Friday,20 July, 2018
Current issue | Issue 1271, (19-25 November 2015)
Friday,20 July, 2018
Issue 1271, (19-25 November 2015)

Ahram Weekly

Chickens come home to roost

French policy towards Syria over the last five years has contributed to the rise of Islamic State, which carried out last week’s attacks in Paris, writes Bassem Hassan

Al-Ahram Weekly

It has been a busy two weeks for the cells of the Islamic State (IS) group. On 31 October, a Russian passenger plane crashed shortly after taking off from Sharm El-Sheikh on its way to St. Petersburg. Soon after, IS claimed responsibility for downing the Airbus 321 and for the 224 resulting casualties.

On 12 November, two IS members carried out a dual suicide attack on a busy street in the southern suburbs of Beirut, murdering at least 40 persons.

Not to be eclipsed by their brethren in Arab countries, IS’s cells in Europe launched a number of coordinated attacks in the French capital on the following evening, leading to French President François Hollande being whisked away from the Stade de France outside Paris. where his country was playing a friendly game against its old rival, Germany.

From Hollande’s immediate reaction to the news of the tragedy one can get the feeling that he had believed that jihadist groups such as IS would exclude French citizens from their list of targets and would focus only on “Russian crusaders” and “Shia infidels.”

It seems that Hollande might have mistakenly drawn the conclusion that French attacks on the Syrian regime and his more than cordial relation with two main sponsors of the jihadist groups in Syria, namely Qatar and Saudi Arabia, would spare French cities such carnage.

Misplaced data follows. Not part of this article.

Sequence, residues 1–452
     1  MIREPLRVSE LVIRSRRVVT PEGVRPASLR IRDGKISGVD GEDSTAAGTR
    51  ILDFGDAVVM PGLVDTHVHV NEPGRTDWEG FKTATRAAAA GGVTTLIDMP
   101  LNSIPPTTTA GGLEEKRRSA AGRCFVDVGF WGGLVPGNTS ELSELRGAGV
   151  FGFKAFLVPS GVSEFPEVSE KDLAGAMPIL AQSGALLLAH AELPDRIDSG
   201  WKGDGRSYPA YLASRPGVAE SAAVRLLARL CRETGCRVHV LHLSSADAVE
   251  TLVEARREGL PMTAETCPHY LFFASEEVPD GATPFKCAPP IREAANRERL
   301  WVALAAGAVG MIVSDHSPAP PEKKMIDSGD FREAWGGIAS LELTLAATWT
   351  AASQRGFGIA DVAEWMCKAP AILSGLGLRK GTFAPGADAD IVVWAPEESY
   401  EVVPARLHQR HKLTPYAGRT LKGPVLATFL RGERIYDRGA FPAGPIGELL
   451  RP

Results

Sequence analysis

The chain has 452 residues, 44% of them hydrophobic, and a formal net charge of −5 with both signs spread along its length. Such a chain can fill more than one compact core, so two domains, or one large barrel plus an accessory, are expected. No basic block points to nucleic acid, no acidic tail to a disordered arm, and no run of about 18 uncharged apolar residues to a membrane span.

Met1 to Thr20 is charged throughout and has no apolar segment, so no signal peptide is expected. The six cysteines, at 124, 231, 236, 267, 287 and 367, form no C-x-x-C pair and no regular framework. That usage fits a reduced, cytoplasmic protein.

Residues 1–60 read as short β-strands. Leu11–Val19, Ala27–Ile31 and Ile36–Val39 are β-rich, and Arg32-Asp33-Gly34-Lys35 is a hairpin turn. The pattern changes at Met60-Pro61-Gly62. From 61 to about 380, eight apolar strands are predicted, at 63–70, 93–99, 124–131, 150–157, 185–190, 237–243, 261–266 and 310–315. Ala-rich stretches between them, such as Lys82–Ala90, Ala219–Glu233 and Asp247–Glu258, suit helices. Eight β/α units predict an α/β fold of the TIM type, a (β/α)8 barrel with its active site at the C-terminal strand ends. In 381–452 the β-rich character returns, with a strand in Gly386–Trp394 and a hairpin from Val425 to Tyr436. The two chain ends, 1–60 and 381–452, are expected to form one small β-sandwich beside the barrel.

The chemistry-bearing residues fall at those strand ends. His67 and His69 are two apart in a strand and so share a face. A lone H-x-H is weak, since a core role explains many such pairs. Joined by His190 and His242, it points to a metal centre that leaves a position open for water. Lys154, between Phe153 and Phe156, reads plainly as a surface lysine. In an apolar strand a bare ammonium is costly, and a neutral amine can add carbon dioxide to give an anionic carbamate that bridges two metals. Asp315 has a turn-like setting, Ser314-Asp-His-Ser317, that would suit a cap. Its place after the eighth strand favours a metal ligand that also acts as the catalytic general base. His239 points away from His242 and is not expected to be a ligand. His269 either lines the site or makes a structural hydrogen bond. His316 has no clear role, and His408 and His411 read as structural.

Despite his calls for unity in the aftermath of the attacks, the French president will probably not mind the wave of anti-Muslim sentiment they will certainly unleash in France and throughout Europe. He may even hope that the French far right’s Islamophobia will deflect attention away from his government’s responsibility for these attacks.

After all, these attacks were not carried out by one or two lone wolves, like the attack on the offices of the magazine Charlie Hebdo earlier this year. Carrying out several almost-simultaneous attacks in a major European capital must have been preceded by plenty of planning that, surprisingly, went unnoticed by the French and other European security services.

However, the French government’s responsibility is not limited to what can only be described as a huge security breach. French policy towards Syria over the last five years has contributed significantly to the rise and expansion of IS and other jihadist groups.

By portraying the conflict between Syrian President Bashar Al-Assad and his opponents as a confrontation between a dictator representing a minority and a pro-democracy movement standing for the majority of Syrians, French officials have bestowed legitimacy on the jihadist groups’ ideology in many Muslims’ eyes, both within and outside Europe.

The widespread use of terms with sectarian connotations in their statements have further played into the hands of these groups and cemented their image as the defenders of the faith among Muslims.

France has been relentlessly pursuing an anti-Al-Assad policy, despite the fact that “the Salafists, the Muslim Brotherhood, and AQI [Al-Qaida in Iraq, which later evolved into IS] are the major forces driving the insurgency in Syria,” as a report by the United States Department of Defence put it in August 2012.